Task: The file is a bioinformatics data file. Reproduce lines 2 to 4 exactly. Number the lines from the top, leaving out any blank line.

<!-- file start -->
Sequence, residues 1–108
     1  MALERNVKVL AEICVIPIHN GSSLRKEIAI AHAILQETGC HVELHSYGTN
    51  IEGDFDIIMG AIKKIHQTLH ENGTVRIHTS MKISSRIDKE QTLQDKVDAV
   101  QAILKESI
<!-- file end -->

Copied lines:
     1  MALERNVKVL AEICVIPIHN GSSLRKEIAI AHAILQETGC HVELHSYGTN
    51  IEGDFDIIMG AIKKIHQTLH ENGTVRIHTS MKISSRIDKE QTLQDKVDAV
   101  QAILKESI